Sony's 24mp for high iso

Started Jun 10, 2012 | Discussions thread
Robsphoto Senior Member • Posts: 1,218
Re: Big pixels gather more light than small pixels

TrojMacReady wrote:

Robsphoto wrote:

theswede wrote:

Robsphoto wrote:

If you want the best low light performance possible, which camera would you choose?

The one with the largest sensor. Pixel pitch is not a factor as long as the sensor has enough resolution for my needs.

Ok, let's assume that you want to pick between two full frame cameras, both of which have the SAME sensor size of 36mm x 24mm.

The two choices are:

12mp Nikon D3S, which has a pixel pitch of 8.5 microns

36mp Nikon D800, which has a pixel pitch of 4.9 microns

It should come as no surprise that, for quite a long time, the Nikon D3S has been regarded as the best low light camera on the market.

Do you think it's just a coincidence that the Nikon D3S has a pixel pitch that is larger than any other full frame camera, and therefore has probably been better suited to low light photography than full frame cameras with smaller pixels?

It was designed to be best and it remains unbeaten, mostly because we've been hitting a barrier in quantum effieciency. Others have pretty much equaled it for a given output size, such as the D4. And the D800 is within a hair, while having pixels that much smaller. But what's more telling is that sensors with pixels several times smaller, are sitting at the same efficiency level too.

Think V1/J1, FZ150, G11, G12 etc. Pixels as small as 2 micron and smaller. The key is comparing sensors per similar area, not per pixel. The same goes for output. Sensor size is what mostly matters.

If people do a reasonably conscientious internet search, they will find a lot of material that confirms what could be regarded as a “general rule” about the role of small pixels and large pixels, as nicely set out by Bob Atkins:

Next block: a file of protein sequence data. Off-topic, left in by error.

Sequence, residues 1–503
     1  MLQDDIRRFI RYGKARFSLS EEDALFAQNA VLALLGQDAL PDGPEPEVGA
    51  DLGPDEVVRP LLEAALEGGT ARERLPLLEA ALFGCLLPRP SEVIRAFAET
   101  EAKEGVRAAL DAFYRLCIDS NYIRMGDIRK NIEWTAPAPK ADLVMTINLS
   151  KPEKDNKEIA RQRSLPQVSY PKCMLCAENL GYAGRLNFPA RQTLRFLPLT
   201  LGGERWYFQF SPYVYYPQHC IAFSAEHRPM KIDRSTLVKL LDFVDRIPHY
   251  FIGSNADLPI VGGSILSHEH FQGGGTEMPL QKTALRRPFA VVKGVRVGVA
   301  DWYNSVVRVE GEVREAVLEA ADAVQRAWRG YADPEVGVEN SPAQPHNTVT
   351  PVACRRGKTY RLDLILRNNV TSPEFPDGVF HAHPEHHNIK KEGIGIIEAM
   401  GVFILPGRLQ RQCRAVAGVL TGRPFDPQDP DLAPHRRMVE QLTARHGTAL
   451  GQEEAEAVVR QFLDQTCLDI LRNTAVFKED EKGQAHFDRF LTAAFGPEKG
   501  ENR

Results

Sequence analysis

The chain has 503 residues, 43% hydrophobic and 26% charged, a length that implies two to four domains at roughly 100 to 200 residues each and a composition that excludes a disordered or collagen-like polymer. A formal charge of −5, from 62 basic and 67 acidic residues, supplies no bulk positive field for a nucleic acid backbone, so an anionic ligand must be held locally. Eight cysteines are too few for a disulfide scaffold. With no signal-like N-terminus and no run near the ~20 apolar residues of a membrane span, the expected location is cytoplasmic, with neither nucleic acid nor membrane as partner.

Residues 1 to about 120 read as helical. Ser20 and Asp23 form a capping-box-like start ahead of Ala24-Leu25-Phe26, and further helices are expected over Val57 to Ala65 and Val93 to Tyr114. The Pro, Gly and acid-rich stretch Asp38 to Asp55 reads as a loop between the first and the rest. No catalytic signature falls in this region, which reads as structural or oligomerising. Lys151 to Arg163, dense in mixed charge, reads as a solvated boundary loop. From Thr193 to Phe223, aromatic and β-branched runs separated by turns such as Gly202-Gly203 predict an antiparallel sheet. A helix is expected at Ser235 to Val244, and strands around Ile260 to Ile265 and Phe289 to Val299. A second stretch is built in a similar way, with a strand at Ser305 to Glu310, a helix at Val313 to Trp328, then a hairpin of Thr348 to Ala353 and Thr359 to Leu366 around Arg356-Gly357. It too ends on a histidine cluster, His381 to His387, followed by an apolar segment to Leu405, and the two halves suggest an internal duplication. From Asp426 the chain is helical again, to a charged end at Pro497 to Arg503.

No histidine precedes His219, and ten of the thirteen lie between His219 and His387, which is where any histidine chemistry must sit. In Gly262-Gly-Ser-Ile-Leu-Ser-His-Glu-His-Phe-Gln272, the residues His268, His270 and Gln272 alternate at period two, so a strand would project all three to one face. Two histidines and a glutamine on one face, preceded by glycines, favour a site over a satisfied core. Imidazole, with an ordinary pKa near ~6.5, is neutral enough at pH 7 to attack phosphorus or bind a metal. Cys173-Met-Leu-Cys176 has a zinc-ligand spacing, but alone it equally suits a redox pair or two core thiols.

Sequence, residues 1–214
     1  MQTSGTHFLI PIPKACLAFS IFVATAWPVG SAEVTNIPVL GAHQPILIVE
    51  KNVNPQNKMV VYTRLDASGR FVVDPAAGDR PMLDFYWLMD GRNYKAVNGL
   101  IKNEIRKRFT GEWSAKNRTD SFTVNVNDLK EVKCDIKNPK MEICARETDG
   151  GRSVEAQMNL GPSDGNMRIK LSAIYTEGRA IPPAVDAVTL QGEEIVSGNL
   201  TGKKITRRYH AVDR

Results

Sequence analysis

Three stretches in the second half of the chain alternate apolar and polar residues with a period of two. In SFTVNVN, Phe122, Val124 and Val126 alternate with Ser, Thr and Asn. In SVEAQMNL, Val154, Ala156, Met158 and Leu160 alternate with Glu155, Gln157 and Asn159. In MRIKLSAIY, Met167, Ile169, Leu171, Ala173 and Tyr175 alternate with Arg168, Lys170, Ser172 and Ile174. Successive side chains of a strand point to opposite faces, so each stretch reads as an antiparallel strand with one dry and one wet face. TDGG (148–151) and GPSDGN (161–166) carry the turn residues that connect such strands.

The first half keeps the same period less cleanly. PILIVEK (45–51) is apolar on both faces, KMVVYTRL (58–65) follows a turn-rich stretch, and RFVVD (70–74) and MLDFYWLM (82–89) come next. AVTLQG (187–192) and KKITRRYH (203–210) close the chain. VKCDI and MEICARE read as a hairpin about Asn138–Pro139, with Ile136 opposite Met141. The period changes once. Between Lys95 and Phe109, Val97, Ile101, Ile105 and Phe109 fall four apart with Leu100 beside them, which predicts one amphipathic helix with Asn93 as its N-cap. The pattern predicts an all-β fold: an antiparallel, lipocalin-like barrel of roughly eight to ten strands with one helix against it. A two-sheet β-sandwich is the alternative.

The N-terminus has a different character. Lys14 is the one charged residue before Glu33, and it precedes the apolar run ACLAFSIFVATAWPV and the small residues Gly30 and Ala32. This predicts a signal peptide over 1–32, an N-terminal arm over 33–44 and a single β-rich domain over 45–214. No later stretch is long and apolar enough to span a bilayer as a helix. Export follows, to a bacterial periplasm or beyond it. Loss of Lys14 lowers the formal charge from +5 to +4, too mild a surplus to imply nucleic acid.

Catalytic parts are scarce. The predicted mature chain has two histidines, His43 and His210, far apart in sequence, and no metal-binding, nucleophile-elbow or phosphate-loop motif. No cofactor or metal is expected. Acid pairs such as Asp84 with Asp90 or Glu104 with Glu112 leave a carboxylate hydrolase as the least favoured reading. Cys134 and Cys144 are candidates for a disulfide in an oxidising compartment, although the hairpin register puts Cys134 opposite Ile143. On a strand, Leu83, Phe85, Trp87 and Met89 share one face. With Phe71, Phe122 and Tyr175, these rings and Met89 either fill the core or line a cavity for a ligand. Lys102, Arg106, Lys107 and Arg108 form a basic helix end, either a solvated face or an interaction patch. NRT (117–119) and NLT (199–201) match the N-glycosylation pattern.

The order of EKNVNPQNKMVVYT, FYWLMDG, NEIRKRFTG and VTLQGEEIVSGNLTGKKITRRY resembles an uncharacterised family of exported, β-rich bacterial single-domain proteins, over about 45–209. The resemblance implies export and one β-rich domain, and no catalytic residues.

" So what you get with sensors is a tradeoff of resolution for noise (and the related dynamic range). Big pixels give you lower resolution, lower noise and higher dynamic range. Small pixels give you higher resolution, higher noise and lower dynamic range. The real question is what constitutes "High Enough" resolution and "Low Enough" noise. Can you have both? "

The “Cambridge in Colour” tutorials are very good, and although they acknowledge that the amount of background noise also depends on the sensor manufacturing process, they nevertheless seem to support the “general rule” as stated by Bob Atkins.

Larger pixels receive a greater flux of photons during a given exposure time (at the same f-stop), so their light signal is much stronger. For a given amount of background noise, this produces a higher signal to noise ratio — and thus a smoother looking photo. This is not always the case however, because the amount of background noise also depends on sensor manufacturing process and how efficiently the camera extracts tonal information from each pixel (without introducing additional noise). In general though, the above trend holds true.

In some recent postings to the Bird Photographers forum, Roger Clark produces some very interesting practical comparisons of cameras with pixel pitches of 4.3, 5.7, and 6.4 microns. It’s no surprise that he concluded that the 6.4 micron pixel images have the highest signal-to-noise ratio, but the least detail. Again, this seems to conform with the “general rule” stated above.

I have found one article which supports the view that the “light collection efficiency per unit area is essentially independent of pixel size”. This view is advocated by Emil Martinec:

I suspect this paper has had a strong influence on people who are advocating this view in this forum!

However, if someone was doing a literature review for a University paper and relied mainly on what can be found on internet, they could be forgiven for concluding that large pixels do in fact play a very important role in reducing noise, just as small pixels are much better than large pixels in resolving fine detail.


Comparison of pixel size, pixel density etc. of a 36mp FF camera (e.g. Nikon D800) with a 24mp APS-C camera (e.g. Sony A77)

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